This morning started off with a scramble and ended up with more lovely discoveries of Edmonton‘s glorious river valley. Because we were running late this morning, I ended up driving my daughter to school which had the potential to throw off my morning river valley walk.
However, after I dropped her off at school, I parked the vehicle and headed with my dog down into the river valley. I took the trail down from Concordia College and alongside the golf course to the base of the Capilano Bridge. Wait, make that the Gretzky Bridge. (If you’re from Edmonton, you’ll know what I mean — if not, the bridge had a name change in the last few years to honour “The Great One” and his years as an Edmonton Oiler.) At any rate, I intended to take my usual trail westwards towards home and just loop back to the vehicle after about 20 minutes of walking. When I got to the trail head I realized that I had only ever gone in one direction, but that there was unexplored trail in the other direction as well! So, off we went Eastward bound.
This trail runs along the edge of the river between it and the golf course as well, and on a sunny morning like today with a hint of breeze, it was beautiful! The sun was glinting off the river and as I walked the path I could almost imagine that I was far from the city. The faint sounds of traffic along Wayne Gretzky drive and the occasional noise from the golf course were the only reminders of my urban location. The birds were out in force and the sweet call of the meadowlark thrilled my little heart!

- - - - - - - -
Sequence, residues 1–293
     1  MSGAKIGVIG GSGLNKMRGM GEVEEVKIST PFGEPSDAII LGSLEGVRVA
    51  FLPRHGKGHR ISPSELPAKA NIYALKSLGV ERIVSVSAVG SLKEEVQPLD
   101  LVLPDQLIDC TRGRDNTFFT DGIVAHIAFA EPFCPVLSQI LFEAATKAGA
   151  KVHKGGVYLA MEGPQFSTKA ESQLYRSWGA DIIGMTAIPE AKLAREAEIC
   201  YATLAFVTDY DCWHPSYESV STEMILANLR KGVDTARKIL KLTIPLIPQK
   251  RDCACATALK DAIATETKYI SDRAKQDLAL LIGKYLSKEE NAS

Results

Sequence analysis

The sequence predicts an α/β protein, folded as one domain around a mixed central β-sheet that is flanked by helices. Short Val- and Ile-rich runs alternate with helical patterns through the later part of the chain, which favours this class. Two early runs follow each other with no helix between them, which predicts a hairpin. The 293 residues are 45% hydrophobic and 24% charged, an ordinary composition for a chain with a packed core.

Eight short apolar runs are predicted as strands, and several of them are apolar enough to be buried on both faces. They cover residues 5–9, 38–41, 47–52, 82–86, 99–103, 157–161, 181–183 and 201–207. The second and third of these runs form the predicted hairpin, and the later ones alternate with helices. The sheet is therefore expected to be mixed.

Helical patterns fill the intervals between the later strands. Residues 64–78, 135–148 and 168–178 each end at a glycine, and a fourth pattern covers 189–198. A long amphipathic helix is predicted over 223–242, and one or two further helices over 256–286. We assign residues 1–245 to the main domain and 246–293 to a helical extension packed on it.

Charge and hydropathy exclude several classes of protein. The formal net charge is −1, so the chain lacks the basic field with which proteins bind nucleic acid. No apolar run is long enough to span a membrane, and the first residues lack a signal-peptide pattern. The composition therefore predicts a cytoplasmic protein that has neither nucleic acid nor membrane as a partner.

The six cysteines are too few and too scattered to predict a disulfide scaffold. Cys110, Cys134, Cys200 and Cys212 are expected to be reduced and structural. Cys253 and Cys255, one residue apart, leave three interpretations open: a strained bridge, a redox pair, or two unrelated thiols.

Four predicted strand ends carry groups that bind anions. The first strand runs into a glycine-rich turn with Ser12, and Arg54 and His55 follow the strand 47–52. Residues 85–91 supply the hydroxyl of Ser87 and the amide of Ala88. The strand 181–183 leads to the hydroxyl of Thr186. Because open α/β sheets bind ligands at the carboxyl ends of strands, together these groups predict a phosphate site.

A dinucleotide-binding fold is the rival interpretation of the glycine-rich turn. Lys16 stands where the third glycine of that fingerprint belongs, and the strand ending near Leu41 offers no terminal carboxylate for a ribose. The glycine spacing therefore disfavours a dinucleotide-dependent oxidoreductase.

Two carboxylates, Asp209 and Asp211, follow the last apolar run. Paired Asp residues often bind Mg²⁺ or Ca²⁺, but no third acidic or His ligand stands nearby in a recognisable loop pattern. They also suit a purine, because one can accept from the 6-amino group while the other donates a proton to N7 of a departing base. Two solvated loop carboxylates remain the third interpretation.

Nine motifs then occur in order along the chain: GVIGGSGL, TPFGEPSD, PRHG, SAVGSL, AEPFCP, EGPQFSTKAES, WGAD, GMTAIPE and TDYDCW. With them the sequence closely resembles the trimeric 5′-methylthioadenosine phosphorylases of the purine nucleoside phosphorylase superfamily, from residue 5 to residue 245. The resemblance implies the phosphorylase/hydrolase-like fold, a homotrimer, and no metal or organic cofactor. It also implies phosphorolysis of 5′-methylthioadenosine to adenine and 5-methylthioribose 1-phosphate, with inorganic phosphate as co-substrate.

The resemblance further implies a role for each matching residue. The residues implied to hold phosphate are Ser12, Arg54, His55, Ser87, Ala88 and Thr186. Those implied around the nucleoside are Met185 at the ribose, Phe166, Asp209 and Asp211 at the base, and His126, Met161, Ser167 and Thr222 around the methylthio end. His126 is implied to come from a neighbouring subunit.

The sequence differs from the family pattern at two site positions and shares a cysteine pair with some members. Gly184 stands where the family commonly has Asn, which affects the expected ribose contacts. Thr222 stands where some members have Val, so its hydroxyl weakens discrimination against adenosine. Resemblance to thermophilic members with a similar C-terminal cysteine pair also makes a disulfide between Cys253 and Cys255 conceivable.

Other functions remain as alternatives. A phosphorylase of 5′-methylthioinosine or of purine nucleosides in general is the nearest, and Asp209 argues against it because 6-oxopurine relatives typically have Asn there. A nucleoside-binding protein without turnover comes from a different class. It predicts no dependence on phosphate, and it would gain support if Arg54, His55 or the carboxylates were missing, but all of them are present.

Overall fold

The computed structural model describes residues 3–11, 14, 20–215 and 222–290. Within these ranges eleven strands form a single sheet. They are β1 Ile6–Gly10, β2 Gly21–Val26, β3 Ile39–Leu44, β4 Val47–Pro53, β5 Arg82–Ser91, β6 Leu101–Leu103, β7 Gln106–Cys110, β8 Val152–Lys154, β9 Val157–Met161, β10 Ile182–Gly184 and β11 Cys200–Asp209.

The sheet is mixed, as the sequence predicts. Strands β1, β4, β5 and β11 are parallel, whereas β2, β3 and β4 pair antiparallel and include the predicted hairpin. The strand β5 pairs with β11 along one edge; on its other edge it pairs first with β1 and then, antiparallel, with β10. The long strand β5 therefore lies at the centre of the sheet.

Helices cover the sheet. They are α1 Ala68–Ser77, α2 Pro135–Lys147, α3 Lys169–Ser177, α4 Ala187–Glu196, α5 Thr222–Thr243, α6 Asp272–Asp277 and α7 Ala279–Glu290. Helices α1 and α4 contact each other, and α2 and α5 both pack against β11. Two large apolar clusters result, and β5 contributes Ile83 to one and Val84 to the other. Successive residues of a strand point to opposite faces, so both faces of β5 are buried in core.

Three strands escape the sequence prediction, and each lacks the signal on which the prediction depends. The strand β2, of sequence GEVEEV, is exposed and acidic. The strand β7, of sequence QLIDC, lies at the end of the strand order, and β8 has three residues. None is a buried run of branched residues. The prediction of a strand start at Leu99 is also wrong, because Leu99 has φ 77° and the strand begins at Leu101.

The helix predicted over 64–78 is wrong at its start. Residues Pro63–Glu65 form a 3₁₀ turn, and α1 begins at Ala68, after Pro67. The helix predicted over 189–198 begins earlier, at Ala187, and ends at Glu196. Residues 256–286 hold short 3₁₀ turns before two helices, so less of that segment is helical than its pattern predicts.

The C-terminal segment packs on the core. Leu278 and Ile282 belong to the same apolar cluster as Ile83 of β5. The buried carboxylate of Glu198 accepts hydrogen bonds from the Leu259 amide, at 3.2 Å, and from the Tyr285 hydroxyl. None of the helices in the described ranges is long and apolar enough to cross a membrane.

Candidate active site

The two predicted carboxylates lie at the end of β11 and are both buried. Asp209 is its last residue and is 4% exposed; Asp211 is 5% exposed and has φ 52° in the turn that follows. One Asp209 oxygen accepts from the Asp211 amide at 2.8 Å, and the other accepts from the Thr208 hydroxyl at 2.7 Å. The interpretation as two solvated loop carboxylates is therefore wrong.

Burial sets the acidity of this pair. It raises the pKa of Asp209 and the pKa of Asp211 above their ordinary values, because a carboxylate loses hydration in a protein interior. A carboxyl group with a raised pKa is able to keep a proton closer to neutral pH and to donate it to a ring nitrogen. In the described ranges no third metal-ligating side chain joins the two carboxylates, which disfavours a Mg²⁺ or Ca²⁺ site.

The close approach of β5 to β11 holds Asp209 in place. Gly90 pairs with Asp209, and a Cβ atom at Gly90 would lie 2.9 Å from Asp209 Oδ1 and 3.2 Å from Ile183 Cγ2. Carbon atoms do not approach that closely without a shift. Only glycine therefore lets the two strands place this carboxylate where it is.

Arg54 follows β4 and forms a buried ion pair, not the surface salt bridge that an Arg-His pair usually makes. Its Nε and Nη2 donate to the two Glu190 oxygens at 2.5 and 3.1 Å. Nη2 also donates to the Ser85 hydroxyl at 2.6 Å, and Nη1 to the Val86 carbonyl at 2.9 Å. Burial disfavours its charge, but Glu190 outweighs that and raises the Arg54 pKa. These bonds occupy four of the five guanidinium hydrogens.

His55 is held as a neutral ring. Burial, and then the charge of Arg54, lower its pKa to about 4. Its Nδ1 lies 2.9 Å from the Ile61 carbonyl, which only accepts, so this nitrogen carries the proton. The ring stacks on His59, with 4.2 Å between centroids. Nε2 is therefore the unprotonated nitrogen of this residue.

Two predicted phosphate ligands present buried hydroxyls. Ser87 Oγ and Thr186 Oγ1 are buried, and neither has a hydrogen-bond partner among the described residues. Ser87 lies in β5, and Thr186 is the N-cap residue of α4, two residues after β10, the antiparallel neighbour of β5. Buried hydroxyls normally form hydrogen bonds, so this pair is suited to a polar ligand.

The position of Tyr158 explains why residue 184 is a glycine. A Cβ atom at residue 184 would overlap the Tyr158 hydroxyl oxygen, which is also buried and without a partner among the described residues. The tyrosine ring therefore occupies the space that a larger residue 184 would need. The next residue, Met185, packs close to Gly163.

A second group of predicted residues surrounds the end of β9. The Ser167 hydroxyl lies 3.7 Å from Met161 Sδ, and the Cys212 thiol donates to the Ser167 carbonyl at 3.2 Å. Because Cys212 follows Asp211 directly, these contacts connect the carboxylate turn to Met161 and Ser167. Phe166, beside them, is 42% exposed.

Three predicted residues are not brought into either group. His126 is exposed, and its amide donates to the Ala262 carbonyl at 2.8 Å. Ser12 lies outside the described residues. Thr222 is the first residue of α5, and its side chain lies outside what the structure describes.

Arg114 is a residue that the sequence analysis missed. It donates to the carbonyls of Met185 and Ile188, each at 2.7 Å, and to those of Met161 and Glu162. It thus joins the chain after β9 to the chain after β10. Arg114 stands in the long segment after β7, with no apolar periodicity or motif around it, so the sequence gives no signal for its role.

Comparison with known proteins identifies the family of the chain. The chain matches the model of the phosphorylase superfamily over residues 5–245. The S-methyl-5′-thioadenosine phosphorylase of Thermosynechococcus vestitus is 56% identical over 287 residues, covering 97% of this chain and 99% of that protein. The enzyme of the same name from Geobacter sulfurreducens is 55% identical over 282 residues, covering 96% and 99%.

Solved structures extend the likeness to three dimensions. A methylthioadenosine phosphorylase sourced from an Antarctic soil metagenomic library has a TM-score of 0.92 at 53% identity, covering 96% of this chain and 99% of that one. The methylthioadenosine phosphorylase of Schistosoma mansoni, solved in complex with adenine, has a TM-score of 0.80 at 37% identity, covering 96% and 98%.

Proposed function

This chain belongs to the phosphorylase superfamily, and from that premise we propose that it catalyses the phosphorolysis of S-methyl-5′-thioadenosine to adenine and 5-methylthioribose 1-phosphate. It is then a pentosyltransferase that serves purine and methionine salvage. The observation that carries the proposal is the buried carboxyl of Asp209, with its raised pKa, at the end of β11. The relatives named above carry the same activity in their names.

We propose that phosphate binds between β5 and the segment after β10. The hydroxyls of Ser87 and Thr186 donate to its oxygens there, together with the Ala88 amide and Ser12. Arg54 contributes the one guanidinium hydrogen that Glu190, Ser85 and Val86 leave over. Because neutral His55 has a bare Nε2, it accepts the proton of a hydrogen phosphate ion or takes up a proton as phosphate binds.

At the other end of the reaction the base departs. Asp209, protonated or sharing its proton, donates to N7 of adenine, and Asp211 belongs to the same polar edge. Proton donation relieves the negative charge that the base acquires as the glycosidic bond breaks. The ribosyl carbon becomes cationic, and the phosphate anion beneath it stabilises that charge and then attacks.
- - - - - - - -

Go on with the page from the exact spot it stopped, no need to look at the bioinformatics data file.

We met several people on the trail, some with dogs and several without. This made the trail feel like a safe place to be and we were able to enquire about where we were going. One gentleman told us that if we continued on the trail we would come to a footbridge which went across the river to Capilano Park. From the park, a paved trail runs west and joins with the Capilano/Gretzky Bridge, making it a nice large loop. That will be a trail for a day when we have more time. Today’s walk was from the golf course up to the bridge and then up the hill where we got onto Ada Boulevard at about 50th Street. We walked on the grassy side of the street and enjoyed looking at all of the beautiful homes.
There is at least one heritage home along this stretch of the Boulevard — the home of the gentleman that developed the Highlands neighbourhood. It is a huge brick home surrounded by a wrought iron fence. We continued to follow Ada Boulevard back to Concordia where we had parked. This entire trip took us almost exactly one hour. My suggestion would be to do it early in the day, as the sun is very warm on this south facing walk. Next time I go, I will also be sure to take water with me.